How Media and Power Painted the Panchitos as Villains

1970s Mexico City's Panchitos gang were more than just delinquents. The media and a corrupt police chief turned them into scapegoats for the city's problems. Their story reflects a society struggling with youth rebellion and government brutality.

How Media and Power Painted the Panchitos as Villains
A web of power: Police corruption and the scapegoating of the Panchitos.

During the late seventies and early eighties, groups of young people grouped into gangs emerged in Mexico City that were characterized by their distinctive clothing and musical preferences. These groups were concentrated mainly in the western area of the city, in the neighborhoods of Tacubaya and Mixcoac, such is the case of the Panchitos.

The reputation of the Panchitos was not created solely by their actions, but also by the media of the time, which created an entire discourse about them based on their clothing. This was largely due to the very particular way of acting of the head of the Police and Traffic Department of the Federal District, Arturo Durazo Moreno, during the government of President José López Portillo. Durazo was characterized by applying various repressive methods, such as torture, rape, extrajudicial uprisings and disappearances, against anyone who appeared to be a criminal, in addition to enjoying a high degree of corruption and impunity in the application of his various methods.

During the greatest rise of the Panchitos, Durazo was head of the department, and he used this group as cannon fodder to hold them responsible for various crimes, since with the reputation that the Panchitos had acquired as a violent group by the media, it facilitated the justification of the crimes they were accused of. At least, that's what some characters in the group have commented over the years. Although they admit to having participated in fights and shoplifting, they deny having committed more serious crimes, such as rape or murder.

The perception of Panchitos is marked by various beliefs. On the one hand, there is the fame that they themselves cultivated, while on the other hand, a myth was created among the population about them. Furthermore, the media contributed to the narrative construction of violence around the group. Arturo Durazo also had a significant role in shaping public perception of this group. However, what is undeniable is the level of impunity with which Durazo operated, from the manipulation of crimes to participation in cases of disappearance, torture, and murder. This casts serious doubts on the credibility of his statements and allows his word to be called into question.

The Federal Security Directorate was aware of the activities of the Panchitos. Therefore, some reports issued by this entity documented the fights in which this group participated. For example, on July 2, 1981, a fight was recorded outside High School 4, which occurred “on June 26 between 9:10 p.m. and 9:20 p.m., when 70 people from a group called “Los Panchitos” from Col. Tacubaya, armed with stones, rods, knives, daggers and Molotov cocktails, attacking the group of students called “Uva” (Union of Anonymous Vagrants).”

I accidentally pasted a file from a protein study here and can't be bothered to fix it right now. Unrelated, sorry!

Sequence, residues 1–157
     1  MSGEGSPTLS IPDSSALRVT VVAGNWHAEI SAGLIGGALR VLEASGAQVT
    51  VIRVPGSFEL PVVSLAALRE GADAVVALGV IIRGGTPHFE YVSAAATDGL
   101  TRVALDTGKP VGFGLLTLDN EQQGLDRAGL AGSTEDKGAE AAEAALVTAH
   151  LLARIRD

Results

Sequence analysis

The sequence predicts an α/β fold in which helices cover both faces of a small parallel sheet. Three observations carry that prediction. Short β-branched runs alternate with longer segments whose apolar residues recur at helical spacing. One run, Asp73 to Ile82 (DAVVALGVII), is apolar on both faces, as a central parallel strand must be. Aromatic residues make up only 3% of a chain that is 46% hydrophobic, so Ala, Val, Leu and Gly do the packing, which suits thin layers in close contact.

Image used to recreate a representation of the group “Los Panchitos.
Image used to recreate a representation of the group “Los Panchitos.” This is a representation of a youth group taken up by the Subdirectorate of Dissemination of Documentary Heritage of the AGN and does not pretend to accurately account for the scenario of the time. Credit: AGN

Another document dated November 11, 1981, states that:

Engineer Javier Rodríguez Higuera, director of High School No. 4, reported today that yesterday at 8:45 p.m., 40 gang members from the group called “Los Panchitos” arrived aboard a passenger truck, who had been following to the student Carlos Rico Granados (a) “Carlota”, leader of the group “Unión de Vagos Anónimos” (UVA), entering the main patio of the campus, where they broke two blackboards.

The story of the Panchitos reveals a complex network of social, political and media factors that contributed to the construction of their public image. Uncontrolled criminalization based on stereotypes and the lack of impartial investigation were constant. The Panchitos are the perfect example of the behavior of society at that time: the creation of gangs and shock groups, the actions of the police, the behavior of the media, the corruption of the political class and the opinions of the population. , are elements of a social x-ray that invites the creation of a critical analysis that highlights the complexity of the social contexts in which these youth gangs emerged and operated.

Source: Archivo General de la Nación. “Los Panchitos: Una radiografía de la sociedad mexicana en los años setenta y ochenta.”, Accessed 18 May 2024.